All the gear but……

The world of 4x4s in general, and overland travel in particular, is becoming particularly kit-focussed. What roof tent have you got? What boots do you wear? What drawer system do you use? What, you haven’t got one?! And so on. This, of course, quickly followed by the Harry Enfield quote “ooooh you don’t want one of them!” Folk often forget that many 4x4s and especially Land Rovers – all Land Rovers – are by nature “expedition ready” straight out of the box. You don’t need to buy expensive “expedition” camping gear. You don’t need bespoke overland accessories like roof tents, “overland” roof racks, jerry can holders, winches, vole toasters and so on. A tent from Millets and a Trangia stove will sort you out for camping kit, and the Land Rover will do all you need to, as long as it’s properly cared for and serviced. Sure, you might want a particular shiny something, or it might make life easier, but your actual trip will be perfectly well served with the bare minimum of fancy gear and a decent, well-looked after vehicle – that latter is where most of your investment should go.

Standard 1949 Series 1 on a trip to the Alps

            More than twenty five years ago, I made my first “proper” independent unsupported overland trip. I’d scrimped and saved, and bought an ex-Royal Marines Commando Defender, a 2.5 n/a diesel (so technically a 110, not a Defender) got her sprayed white to avoid upsetting North African sensibilities, and went “expedition kit shopping.” To York Racecourse Car Boot Sale. I bought – a Leyland Sherpa roof rack – £10 (unmeasured, but it fitted). A socket set, set of ring spanners, assorted screwdrivers and bits and bobs – £30. Two ex-army steel sand ladders – £40. An ex-army poncho to sleep under – £15. An army surplus spade – £5. Three army surplus jerry cans – £15. Army tow rope – £15. Off I went.  

Bumblebee in the Dubai desert

            The destination was Morocco, and the Sahara. I bought a road map and a couple of guidebooks. Booked the ferry by phone (limited internet then). I took two acquaintances along to spread the cost – each chipped in for the diesel and ferry tickets. We chugged down through France and Spain at about 55mph – quite happy. The Spanish Toyota Works Desert Rally Team roared past us in southern Spain – honking horns at this slow old Landy and waving derisively. We endured the idiocy and pulled in at Estepona beach to camp before the early ferry tomorrow – oh look – there’s a Toyota Landcruiser stuck in soft beach sand. Look closer. It’s familiar. Ah. Yes. It’s one of the Toyota Rally Team. Driving with ostentatious slowness in the soft sand (tyres at 15psi) I pulled round the floundering Land Cruiser in a lazy circle and, straight faced, in my best Commander Whitehead British accent said “Good morning! Would you like a tow?” Spanish expletives followed as they waved us away, and gunned the engine. Sand sprayed everywhere. Of course, the Tojo dug itself in. Eventually, grudgingly, they waved me over from my camp nearby. Making great play of setting down my restful G&T (Tesco icebox – £10, Ice from what was then Safeway on Gibraltar, £3). I drove into the patch of soft sand that ensnared the Japanese skip, hitched up the towrope and dragged it out. Land Rover 1: Toyota 0.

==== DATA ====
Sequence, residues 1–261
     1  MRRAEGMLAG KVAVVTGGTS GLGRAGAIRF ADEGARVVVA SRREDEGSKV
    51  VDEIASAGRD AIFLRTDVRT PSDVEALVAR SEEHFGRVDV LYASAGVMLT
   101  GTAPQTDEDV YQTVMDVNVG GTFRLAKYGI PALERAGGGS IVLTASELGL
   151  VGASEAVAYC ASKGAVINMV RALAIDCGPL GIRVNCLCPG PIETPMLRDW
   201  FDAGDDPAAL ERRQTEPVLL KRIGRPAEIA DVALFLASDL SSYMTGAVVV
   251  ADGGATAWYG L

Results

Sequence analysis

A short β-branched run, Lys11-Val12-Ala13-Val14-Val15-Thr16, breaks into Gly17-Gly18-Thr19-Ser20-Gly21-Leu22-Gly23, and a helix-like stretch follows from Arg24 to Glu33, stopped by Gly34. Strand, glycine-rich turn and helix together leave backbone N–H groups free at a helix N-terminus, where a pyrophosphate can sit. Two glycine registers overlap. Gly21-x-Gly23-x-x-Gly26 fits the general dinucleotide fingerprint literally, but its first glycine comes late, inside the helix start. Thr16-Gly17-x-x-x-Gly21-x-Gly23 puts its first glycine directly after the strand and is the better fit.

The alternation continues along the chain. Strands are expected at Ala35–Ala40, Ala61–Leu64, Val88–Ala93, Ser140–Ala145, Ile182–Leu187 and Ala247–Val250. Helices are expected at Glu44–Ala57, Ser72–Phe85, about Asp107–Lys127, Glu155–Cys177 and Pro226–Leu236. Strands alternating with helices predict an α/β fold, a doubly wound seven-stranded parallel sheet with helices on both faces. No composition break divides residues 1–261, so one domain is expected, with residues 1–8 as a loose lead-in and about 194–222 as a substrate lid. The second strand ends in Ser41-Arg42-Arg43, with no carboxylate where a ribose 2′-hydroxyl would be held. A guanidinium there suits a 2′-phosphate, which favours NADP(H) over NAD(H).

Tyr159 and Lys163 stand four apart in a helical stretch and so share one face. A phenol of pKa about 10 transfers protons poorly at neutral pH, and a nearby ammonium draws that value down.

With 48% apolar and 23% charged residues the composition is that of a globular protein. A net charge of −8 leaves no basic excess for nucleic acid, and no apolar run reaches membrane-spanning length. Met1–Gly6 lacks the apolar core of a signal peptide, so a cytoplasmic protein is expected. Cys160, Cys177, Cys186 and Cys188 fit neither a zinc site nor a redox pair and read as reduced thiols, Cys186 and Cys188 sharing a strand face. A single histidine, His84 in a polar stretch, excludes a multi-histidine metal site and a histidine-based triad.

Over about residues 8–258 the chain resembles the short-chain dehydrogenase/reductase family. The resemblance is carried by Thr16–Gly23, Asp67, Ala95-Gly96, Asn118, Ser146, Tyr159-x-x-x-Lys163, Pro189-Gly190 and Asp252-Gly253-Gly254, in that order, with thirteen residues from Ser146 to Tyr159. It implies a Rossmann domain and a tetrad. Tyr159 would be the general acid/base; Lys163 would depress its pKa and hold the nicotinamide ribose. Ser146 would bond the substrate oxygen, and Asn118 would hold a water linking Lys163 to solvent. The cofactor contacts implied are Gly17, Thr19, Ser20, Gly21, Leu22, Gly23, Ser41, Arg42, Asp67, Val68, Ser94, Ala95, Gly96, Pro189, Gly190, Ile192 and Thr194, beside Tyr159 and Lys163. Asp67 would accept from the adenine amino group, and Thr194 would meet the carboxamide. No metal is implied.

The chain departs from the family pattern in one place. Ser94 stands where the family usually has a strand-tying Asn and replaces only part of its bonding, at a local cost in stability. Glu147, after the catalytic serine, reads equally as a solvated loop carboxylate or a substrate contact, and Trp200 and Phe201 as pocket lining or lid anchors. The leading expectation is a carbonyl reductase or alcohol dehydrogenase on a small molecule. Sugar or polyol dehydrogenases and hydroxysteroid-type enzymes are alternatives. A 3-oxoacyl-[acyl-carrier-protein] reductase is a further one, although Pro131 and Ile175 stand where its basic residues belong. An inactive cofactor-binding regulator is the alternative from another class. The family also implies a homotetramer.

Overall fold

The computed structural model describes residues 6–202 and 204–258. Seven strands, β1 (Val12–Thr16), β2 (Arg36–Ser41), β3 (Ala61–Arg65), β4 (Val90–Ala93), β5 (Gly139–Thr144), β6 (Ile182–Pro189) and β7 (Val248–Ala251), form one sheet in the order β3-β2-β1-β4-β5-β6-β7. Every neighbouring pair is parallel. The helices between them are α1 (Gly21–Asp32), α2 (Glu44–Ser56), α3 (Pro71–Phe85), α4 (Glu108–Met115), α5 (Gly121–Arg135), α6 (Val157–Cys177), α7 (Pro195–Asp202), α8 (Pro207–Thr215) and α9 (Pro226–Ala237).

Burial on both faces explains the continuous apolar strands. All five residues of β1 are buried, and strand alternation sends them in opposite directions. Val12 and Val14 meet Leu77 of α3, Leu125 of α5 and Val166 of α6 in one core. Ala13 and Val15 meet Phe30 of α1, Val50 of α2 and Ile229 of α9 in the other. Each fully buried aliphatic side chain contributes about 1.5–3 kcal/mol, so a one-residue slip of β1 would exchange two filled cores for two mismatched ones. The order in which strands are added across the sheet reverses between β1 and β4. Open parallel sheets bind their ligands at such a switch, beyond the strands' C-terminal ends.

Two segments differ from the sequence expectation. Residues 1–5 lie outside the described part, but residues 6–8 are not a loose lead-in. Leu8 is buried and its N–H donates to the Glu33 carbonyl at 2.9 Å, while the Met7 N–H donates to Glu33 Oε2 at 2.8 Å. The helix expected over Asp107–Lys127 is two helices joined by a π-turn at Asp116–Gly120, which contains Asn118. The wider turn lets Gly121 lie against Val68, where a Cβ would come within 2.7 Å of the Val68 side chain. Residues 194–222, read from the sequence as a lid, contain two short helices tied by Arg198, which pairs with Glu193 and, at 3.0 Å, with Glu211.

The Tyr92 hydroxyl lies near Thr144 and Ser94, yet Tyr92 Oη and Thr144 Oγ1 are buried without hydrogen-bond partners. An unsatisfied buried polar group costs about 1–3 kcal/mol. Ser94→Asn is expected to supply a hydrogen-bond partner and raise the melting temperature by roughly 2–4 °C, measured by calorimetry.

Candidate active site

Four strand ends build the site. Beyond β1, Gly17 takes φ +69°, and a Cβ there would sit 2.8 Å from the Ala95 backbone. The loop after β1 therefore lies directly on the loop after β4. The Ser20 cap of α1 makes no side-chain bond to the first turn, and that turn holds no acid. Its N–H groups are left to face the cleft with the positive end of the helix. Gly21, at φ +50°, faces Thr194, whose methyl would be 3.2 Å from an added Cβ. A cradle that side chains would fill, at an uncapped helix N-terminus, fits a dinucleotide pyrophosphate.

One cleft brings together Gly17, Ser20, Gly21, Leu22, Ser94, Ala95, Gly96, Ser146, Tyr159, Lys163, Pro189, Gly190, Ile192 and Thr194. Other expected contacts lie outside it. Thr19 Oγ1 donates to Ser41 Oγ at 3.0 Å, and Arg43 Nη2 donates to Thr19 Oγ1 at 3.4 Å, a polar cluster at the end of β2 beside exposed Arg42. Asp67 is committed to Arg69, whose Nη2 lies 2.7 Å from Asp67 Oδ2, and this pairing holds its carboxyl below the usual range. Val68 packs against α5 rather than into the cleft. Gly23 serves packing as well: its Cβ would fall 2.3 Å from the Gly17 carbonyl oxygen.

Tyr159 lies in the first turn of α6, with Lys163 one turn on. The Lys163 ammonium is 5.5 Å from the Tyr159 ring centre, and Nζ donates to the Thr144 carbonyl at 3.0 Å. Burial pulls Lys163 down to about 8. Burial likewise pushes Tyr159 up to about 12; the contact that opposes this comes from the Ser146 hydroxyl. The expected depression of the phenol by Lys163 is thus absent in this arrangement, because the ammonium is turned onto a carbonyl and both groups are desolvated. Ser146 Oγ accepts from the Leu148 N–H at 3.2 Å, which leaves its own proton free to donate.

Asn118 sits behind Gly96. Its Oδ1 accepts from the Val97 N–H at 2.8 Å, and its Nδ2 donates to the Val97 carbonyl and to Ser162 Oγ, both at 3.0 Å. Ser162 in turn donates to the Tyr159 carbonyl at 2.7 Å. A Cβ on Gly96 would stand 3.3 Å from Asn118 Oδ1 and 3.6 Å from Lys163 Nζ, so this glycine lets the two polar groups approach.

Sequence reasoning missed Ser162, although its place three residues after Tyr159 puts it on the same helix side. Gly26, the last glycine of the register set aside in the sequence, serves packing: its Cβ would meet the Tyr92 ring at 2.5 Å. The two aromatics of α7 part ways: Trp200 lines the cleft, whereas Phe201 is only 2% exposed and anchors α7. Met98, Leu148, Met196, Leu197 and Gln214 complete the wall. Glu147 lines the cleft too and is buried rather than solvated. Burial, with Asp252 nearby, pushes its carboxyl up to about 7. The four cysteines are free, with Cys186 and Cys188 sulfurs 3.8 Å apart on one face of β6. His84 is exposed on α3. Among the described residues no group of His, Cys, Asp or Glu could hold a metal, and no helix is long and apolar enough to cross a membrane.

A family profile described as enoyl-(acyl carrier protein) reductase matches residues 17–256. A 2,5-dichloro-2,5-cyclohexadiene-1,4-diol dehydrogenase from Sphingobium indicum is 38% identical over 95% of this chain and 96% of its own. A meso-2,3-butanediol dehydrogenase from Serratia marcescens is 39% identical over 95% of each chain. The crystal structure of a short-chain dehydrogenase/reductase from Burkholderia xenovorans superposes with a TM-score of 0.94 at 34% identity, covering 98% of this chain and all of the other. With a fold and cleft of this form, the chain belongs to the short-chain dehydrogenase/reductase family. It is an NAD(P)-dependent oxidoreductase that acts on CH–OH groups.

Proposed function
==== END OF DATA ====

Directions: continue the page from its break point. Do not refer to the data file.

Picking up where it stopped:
Stopped at Gibraltar for beer and cheap diesel (we slept under the Land Rover, or in it – no camping in Gib), and sorted visas and insurance for Morocco on the ferry. Thanks to adventurous parents who decided I should see a bit of the world, I knew North Africa already to a certain extent, and so the Moroccan way of doing things didn’t faze me – carry a smile with you, and a willingness to laugh at yourself, and you’re everyone’s best mate – and we hopped off the ferry and into Tangiers.

Stella – breaking camp in Egypt

            A Moroccan Customs officer thrust his head through the window. “Welcome to Morocco. You have hashish, or automatic weapons?!” Er, no. Polite British smile. Broad Moroccan grin in response “Ah! Would you like some?!” This set the tone for the trip. To cut a long story short, it was a resounding success. We spent three days dragging a British-driven Nissan Navara out of the southern desert – it couldn’t handle the terrain – but since then I’ve not looked back. I’ve still got the Landy – back then she had 40,000 miles on her. Now she has well over 400,000 and she has been stretched to a 130, because a rebuild was needed and I wanted extra space, but she will outlive me. The point is that you don’t need to break the budget on a pricey 4×4 or posh accessories. George and Joy Adamson of “Born Free” fame spent their honeymoon crossing the Sahara in a standard Series One ragtop 80”. If you want to travel, if you want to overland, just buy a vehicle that’s been properly looked after. Then chase the horizon. Save your cash for national parks in Kenya, Rwanda and Tanzania. Sure, there is a lot of kit out there that’s very helpful and well designed – but it’s very rare to find some that you can’t do without. Only buy the extra kit that you really need.

3 thoughts on “All the gear but……

  1. Hi: I’m reminded of my first wanderings in Southern Africa, in a 1966 Peugeot 404 estate. Modifications? Welded up the cracks in the body around the rear door., put in a water tank, that was it…

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